The United States Colored Troops
April 5, 2020 8:00 PM EST
Anthropologist Johnny Coleman has dedicated his life to filling the gaps of African American history he says classroom textbooks purposely left out. His most recent work highlights the lives of the United States Colored Troops.
Georgetown University’s Kayla Key visited the African American War Museum in Washington, DC and has the story.
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KEY: If you’ve ever visited the Shaw neighborhood in Washington, DC, you’ve probably walked past the African American Civil War Museum. And if you find yourself getting off the yellow or green line metro, you've stood directly across the street from the museum.
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KEY: The museum sits behind the Grimke School, named after highly regarded race and community leader, Archibald Grimke.
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KEY: As you walk through the black and gold gate that reads 'African American Civil War Museum,' you see five portraits of black soldiers hanging along the wall.
KEY: After just a short walk back in time, you're met with the museum doors.
JOHNNY COLEMAN: Hey! (KK): Hello / JC: Good morning / KK: Good morning / JC: How are you doing? I don’t know if you’ve met everybody… DIP UNDER NARRATION
KEY: Johnny Coleman is a tall, soft-spoken African American man who is passionate about the study of human societies and cultures, and their development.
COLEMAN: Um yes, I’m Johnny Coleman Jr. I'm a tour guide. Anthropologist, trained as an anthropologist, graduate of Howard University class of 2002. I actually do tours here in the Shaw community, and the heart of my tours is the African American Civil War Memorial.
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Welcome to the African American Civil War Museum in Washington DC. The parent organization of the African American Civil War Museum is the African American Civil War freedom foundation incorporated in 1992.
KEY: Coleman says the museum was founded in 2004 for two reasons; to aid in the economic revitalization of the historic U Street after the 1968 riots, and to correct the history that ignored the service of the United States Colored Troops.
COLEMAN: And that they will not disappear. They have not been discussed for over 100 years in our textbooks and classrooms on intentional purpose.
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KEY: Most of the museum consists of text, illustrations, and maps displayed on wall panels shaped like books. Visitors are able to truly step back in time to the Civil War after seeing the various artifacts around every corner.
KEY: Marquett Milton is a colored troops reenactor at the museum and recalls the first time he met Johnny Coleman.
MILTON: Yeah, this small word. We had the same teacher, and then we started connecting.
KEY: Milton is dressed in brogan shoes, wool socks and trousers, a sack coat, core badge, cap box, bullet holder and is accompanied by a bayonet.
KK: Are you usually in uniform? / MM: Yeah. Tuesday to Saturday from 10 to 4. To be honest, this museum, it put me like on a spiritual journey. / KK: Oh yeah? / MM: Yeah.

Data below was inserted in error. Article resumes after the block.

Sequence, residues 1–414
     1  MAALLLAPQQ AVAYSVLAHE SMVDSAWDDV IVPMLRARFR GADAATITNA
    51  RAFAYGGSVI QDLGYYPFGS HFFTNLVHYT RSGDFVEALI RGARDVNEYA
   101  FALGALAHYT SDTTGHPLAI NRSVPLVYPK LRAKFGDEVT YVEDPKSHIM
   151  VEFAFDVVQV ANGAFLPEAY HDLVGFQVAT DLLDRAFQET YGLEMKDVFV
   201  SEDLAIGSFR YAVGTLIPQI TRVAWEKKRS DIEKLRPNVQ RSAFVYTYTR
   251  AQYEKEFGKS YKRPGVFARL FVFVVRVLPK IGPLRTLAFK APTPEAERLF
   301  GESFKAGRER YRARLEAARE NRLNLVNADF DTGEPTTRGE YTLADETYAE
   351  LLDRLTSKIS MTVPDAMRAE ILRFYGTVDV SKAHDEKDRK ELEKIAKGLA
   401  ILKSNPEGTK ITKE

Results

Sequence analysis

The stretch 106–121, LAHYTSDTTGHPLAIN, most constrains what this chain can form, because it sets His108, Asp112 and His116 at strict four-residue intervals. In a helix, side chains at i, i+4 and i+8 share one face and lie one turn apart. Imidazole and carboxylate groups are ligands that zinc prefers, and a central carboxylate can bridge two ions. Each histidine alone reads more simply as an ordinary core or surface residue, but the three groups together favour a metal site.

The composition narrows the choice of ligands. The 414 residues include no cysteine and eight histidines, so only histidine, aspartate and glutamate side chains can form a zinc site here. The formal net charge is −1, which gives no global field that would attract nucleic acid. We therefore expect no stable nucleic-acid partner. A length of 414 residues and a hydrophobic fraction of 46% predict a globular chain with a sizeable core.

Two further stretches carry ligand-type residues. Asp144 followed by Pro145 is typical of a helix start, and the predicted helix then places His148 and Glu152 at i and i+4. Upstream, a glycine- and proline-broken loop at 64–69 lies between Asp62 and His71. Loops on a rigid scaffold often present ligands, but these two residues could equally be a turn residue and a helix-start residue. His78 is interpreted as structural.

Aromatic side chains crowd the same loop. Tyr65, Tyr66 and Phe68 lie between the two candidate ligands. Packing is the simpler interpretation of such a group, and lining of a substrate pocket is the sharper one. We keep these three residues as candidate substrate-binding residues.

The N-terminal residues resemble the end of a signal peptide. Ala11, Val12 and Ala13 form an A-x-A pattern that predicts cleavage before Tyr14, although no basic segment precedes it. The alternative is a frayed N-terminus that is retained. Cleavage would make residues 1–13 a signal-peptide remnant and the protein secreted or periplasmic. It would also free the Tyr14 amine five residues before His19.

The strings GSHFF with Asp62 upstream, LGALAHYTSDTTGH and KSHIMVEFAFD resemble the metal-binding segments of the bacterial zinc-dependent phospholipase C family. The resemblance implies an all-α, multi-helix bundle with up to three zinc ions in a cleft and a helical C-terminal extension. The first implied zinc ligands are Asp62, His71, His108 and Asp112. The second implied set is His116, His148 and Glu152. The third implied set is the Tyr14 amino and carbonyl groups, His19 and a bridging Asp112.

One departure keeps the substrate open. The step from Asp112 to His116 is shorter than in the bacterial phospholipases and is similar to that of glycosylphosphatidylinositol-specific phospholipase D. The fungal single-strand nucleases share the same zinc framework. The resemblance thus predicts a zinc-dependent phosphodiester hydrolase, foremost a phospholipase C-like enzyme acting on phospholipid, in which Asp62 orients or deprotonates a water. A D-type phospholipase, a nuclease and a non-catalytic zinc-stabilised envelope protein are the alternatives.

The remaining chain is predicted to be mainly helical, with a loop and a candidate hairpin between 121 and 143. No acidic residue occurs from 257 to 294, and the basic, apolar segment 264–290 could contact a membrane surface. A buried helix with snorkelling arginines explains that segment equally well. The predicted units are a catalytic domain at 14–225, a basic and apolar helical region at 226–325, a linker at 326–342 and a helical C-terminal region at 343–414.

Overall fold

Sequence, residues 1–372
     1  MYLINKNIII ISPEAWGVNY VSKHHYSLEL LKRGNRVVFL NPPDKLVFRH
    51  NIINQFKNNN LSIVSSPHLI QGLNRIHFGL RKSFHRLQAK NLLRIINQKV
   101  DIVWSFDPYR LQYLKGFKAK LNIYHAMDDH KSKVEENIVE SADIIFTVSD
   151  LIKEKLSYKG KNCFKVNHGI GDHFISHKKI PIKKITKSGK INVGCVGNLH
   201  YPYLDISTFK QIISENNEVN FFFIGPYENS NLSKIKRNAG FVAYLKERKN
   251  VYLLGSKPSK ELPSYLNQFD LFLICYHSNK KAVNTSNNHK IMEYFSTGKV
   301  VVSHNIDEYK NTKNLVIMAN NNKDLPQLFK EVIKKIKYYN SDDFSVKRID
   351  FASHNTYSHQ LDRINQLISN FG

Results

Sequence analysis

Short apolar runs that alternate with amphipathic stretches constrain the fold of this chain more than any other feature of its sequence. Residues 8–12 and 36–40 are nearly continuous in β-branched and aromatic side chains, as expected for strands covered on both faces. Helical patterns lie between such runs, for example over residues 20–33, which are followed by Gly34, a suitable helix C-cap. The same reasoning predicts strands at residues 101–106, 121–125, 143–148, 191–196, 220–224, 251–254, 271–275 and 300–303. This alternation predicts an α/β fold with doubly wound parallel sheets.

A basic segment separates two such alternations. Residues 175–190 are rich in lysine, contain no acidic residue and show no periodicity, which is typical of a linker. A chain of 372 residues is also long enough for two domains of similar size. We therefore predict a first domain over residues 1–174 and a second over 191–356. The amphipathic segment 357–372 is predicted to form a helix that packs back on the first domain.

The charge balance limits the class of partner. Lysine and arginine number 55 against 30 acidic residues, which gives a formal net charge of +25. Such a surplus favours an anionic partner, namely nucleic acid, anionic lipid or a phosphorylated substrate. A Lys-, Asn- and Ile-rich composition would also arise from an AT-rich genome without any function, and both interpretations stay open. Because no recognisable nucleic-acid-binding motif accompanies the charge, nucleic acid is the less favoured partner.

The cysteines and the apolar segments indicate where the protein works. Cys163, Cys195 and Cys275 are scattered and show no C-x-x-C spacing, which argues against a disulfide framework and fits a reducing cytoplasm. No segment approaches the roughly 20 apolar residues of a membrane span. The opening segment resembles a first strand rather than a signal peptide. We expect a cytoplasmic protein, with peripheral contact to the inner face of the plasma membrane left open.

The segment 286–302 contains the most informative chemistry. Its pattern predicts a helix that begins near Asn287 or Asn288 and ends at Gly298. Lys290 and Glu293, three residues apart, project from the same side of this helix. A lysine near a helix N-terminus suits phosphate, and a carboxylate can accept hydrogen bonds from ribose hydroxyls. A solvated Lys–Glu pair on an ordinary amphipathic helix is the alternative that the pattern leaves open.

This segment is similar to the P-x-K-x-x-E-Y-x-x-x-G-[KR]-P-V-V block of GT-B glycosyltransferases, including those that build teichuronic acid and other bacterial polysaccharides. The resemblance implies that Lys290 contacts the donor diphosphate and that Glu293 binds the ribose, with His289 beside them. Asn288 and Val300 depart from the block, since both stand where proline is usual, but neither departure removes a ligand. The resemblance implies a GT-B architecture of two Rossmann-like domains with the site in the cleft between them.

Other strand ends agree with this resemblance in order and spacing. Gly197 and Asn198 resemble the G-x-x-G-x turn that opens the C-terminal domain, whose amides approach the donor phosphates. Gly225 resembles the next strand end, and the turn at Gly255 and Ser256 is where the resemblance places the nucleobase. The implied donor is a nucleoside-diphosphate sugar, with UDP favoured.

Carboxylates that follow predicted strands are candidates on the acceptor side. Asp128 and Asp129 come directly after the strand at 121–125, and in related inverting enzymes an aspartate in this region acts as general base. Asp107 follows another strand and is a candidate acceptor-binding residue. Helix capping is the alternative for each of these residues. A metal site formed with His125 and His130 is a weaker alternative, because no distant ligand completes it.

KEY: Milton explained how much he and Coleman had in common, and the importance of their friendship.
MILTON: The thing we talked about, it seemed like we're the same mission, so we were like let's partner because normally people of African descent don't stick together. So, he was like, we need to stick together to create something.
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My grandfather said that, uh, he being the youngest there, he was the...‘Youngblood’ they called him...
MILTON: So, there’s a lot of people in history that I believe that we should do our research and memorialize them, you know, so they can be mentioned forever. You know. Because a lot of people put a lot of energy into make a difference in this world. Everybody have a purpose.
KEY: Coleman said that as a kid, he visited a museum, and saw people giving tours. It was that experience that inspired him to become an anthropologist.
COLEMAN: And I asked them, ‘What are you doing?’ And they told me, and I didn't understand hardly anything. They said, I wrote down the words, and that's how it started.
KEY: Coleman says that most Americans don’t know about the Colored Troops.
COLEMAN: Most Americans don't know about the United States Colored Troops. I've met more people from other countries who know. Really, yeah, because of the capturing of Richmond by the United States culture, which was international news.
KEY: Author, professor and historian, Jesse Holland, explained the impact of the African American Civil War Museum.
HOLLAND: A lot of people look at the Civil War and say, whites freed blacks, as if African Americans just sat back and did nothing. This museum directly contradicts that theory that that shows that African Americans fought for their own freedom. And which is an important thing to know, which makes that museum very important.
KEY: For Coleman, knowing about the United States Colored Troops has been the most rewarding part of his job.
COLEMAN:...and then overall, the benefit for me is, is the knowledge. Yeah, it’s changed my perspective of life.
KEY: From Georgetown University, I’m Kayla Key.